What’s important is that you look past whether these are radial designs or not, and if your bike is one that calls for a perpendicular mount on the caliper, you don’t need to reverse engineer it to get the results you want out of your braking performance. What you need to do is to look for the innovations in caliper stiffness and pad design that the best aftermarket radical designs deliver and see what’s available with those features in a fit for your motorcycle. That way, you’re getting the advantages of the most actively beneficial design innovations in a way that is efficient and effective for you.
Choosing High Performance Calipers
If you’re looking for a good example of the kinds of innovations that really matter in a radial mounted caliper design, you need look no further than what Tokico put on the 2003 Kawasaki Ultra ZX6R/RR. While there have been innovations that bring even better performance features since then, this 15-year-old breakthrough is still the benchmark for top-tier brake design today, with its separately articulating pistons and its sharp design.
More modern examples of performance brakes and their associated parts include:
- Biker’s Choice makes a sharp four piston pad and caliper pair that delivers today’s material science alongside best practices for performance brake design
- Moos Racing delivers calipers and a corresponding line of rebuild kits designed to help you make the most of your parts with less waste so you can avoid the big repairs down the road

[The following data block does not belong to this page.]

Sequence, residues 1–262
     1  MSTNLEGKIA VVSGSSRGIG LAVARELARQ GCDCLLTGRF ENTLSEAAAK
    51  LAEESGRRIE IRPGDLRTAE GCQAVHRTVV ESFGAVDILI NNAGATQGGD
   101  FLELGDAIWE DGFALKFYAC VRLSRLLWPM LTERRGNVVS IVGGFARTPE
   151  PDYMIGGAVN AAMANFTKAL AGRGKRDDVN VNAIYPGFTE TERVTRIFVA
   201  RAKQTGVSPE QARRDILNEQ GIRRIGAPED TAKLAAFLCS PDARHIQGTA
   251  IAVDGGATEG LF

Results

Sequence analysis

- K&L caliper pistons deliver replacements for individual pistons that articulate cleanly and work with a variety of motorcycle models
What Performance Level Do You Need?
While there’s a lot to be said for upgraded brakes, the OEM designs on most modern motorcycles and dirt bikes are nothing to scoff at. More often than not, they reflect the best practices for performance builds, they just have some trade-offs for cost containment. The example of the breakthrough Tokico design was for an original motorcycle part, after all. On the other hand, performance or race-rated parts will give you a lot more when you ask for it. The question is, will you ask for it?
If you ride hard regularly, either because you are off-road a lot or you’re covering a lot of ground, then higher performance parts will likely yield very noticeable results for you, either in the quality of life you experience as a result of the upgrade or in the extra longevity it brings to the part. If you’re a weekend warrior who only occasionally gets out or you ride in a way that avoids putting strain on the motorcycle, you might not actually notice a difference if you upgrade past the original equipment. That’s not necessarily a bad thing, because it means you’re running your motorcycle without asking it to overwork. It just means you might not get the improvements you hear about when you upgrade to a higher tier part.
Whether it’s performance upgrades or new OEM motorcycle brake calipers, you need selection to be able to find the best price on the best fit for your bike and riding style. That’s why you need to check out the biggest curated collection of gear and parts online.